The first English language newspaper in Italy, “The Italian Insider” writes an interesting story about the Redemptorist Shrine, “Sant’Alfonso”. The article tries to bring out the historical factors about the shrine and tries to find out the reasons why it is important to the Titular Bishop of the this church Cardinal Vincent Nichols, Archbishop of Westminster.
Choosing obscure Sant’Alfonso on the Esquiline Hill as titular church for Britain’s highest Catholic, Archbishop of Westminster Cardinal Vincent Nichols, came as a surprise in many quarters.
Sant’Alfonso, or, to give it its full name, Santissimo Redentore e Sant’Alfonso, is a 19thcentury edifice built in an unfashionable neo-gothic style and wedged into a corner facing on to Via Merulana, the tree-lined avenue that links the two basilicas of St. Mary Major and St. John Lateran. It is not one of the churches on normal tourist itinerary lists, although it possesses an icon much revered in Haiti, the Philippines and several Eastern European countries and has a special relationship with the resident Polish community, with a social centre and masses in Polish on Sundays.
As a former student of the English College, Cardinal Nichols is not a stranger to Rome. However, he will find additional reasons for feeling at home when he comes to visit his titular church. Despite its present-day international reach, “Our Most Holy Redeemer and St. Alphonsus” was born British. The building, in fact, was funded by a Scottish nobleman and the architect was also probably Scots (some sources claim he was English or Irish. His actual birthplace appears to be unknown).
Inaugurated in 1859, Sant’Alfonso was one of the last churches to be built while Rome was still a papal state, and it was to have a narrow escape from devastation and destruction when Garibaldi’s troops invaded Rome in 1870. The previous church of St. Matthew that had stood on the spot had not been so lucky. It was one of thirty Rome churches that Napoleon’s army tore down in 1798. The Caetani, one of Rome’s leading aristocratic families, had built a residence on the site, which they called Palazzo Caserta, after their historic feud in Campania. However, they were not destined to enjoy it for long. The family was still paying off debts incurred by one of their forebears two centuries previously and decided to sell the property. And this is where our Scottish nobleman comes in. Edinburgh-born Edward Douglas, a wealthy Catholic convert, was kin to the Marquess of Queensberry, one of Scotland’s foremost families.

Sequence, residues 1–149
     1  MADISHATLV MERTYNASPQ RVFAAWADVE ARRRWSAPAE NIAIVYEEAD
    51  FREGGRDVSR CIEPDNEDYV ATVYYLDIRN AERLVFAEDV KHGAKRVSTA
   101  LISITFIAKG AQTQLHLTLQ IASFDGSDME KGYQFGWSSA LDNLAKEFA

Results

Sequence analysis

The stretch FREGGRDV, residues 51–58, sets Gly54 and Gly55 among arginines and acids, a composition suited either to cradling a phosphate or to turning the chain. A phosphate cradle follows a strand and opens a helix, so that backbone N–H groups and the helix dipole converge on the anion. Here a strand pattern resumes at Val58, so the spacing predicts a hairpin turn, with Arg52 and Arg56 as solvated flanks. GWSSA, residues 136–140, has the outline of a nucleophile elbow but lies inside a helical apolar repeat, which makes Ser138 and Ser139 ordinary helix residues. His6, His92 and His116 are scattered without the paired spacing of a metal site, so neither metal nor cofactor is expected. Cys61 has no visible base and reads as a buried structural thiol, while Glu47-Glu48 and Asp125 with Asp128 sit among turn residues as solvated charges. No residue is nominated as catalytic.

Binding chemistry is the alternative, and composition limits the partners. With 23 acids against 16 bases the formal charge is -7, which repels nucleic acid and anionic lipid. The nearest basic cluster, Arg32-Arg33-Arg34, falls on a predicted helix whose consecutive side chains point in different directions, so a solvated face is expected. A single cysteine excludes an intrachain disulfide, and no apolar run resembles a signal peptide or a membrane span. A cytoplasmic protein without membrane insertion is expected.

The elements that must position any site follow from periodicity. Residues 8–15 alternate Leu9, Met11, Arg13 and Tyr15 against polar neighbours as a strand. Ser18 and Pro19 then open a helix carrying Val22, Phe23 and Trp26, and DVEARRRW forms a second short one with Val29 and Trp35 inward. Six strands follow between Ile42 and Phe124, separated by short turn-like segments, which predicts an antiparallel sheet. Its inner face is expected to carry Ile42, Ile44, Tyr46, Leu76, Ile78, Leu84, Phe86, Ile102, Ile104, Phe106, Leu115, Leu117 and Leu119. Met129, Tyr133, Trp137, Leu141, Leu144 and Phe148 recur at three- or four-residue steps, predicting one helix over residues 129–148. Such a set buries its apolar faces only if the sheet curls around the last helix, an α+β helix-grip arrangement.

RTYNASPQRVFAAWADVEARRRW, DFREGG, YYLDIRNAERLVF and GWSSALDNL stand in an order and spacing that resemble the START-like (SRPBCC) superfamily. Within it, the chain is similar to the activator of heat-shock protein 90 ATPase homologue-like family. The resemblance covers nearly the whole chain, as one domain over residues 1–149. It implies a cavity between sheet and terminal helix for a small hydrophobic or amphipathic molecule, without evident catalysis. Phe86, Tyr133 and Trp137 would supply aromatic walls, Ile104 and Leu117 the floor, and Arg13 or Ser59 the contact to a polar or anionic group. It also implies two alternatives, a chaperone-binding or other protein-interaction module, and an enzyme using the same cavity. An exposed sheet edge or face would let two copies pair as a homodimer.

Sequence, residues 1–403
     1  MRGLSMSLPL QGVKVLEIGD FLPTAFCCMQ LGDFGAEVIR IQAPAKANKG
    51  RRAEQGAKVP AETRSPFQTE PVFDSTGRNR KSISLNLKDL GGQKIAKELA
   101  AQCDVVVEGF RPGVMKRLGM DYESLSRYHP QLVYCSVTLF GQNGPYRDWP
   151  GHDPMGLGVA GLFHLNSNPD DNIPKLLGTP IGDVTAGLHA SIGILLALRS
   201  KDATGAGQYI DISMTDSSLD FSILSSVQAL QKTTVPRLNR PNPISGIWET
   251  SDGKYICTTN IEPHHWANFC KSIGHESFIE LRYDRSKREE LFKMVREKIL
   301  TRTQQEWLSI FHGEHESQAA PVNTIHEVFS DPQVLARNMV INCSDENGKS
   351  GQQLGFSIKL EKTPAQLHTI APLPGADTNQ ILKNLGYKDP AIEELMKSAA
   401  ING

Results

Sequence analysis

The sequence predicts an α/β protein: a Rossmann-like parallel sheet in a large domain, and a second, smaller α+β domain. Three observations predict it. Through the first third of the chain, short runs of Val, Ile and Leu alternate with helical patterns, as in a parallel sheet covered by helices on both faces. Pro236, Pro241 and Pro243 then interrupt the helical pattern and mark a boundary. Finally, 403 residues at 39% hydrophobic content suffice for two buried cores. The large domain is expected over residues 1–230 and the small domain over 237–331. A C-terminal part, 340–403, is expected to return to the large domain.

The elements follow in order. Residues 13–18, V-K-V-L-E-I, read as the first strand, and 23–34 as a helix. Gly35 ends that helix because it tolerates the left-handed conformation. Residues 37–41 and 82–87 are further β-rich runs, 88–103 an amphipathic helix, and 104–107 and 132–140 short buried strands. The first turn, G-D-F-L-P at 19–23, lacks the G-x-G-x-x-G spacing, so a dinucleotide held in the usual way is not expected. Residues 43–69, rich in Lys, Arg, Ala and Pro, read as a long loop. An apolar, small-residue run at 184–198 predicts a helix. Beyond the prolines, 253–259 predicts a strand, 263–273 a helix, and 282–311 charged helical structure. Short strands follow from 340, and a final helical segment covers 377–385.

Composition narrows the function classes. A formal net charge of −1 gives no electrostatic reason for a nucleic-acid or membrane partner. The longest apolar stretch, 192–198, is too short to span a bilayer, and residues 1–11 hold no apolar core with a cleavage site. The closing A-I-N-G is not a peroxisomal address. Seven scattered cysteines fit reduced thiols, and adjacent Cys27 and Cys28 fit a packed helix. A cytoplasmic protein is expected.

Douglas had been brought up Protestant and the story of his conversion, as recorded in the “Tablet” newspaper archives, hinges on a chance incident involving a forgotten umbrella. The seeds had been sown while he was a student at Oxford. He was one of the so-called “Oxford Group” of students who were strongly influenced by the traditionalist theories of the theologist and philosopher John Henry Newman and who were subsequently to convert to Catholicism. Douglas’ own conversion, however, took place a few years later when he came to Rome. According to the story, he forgot his umbrella in a confessional in St. Peter’s where he was attended a papal ceremony and had to knock up the Carmelite brothers in order to retrieve it. The actual conversation has not beenrecorded but it must have been extraordinarily illuminating, because he switched from the Anglican to the Roman faith and was subsequently ordained a priest, electing to join the Redemptorists, a missionary order founded near Amalfi by St.Alphonsus Maria dè Liguori a century earlier.
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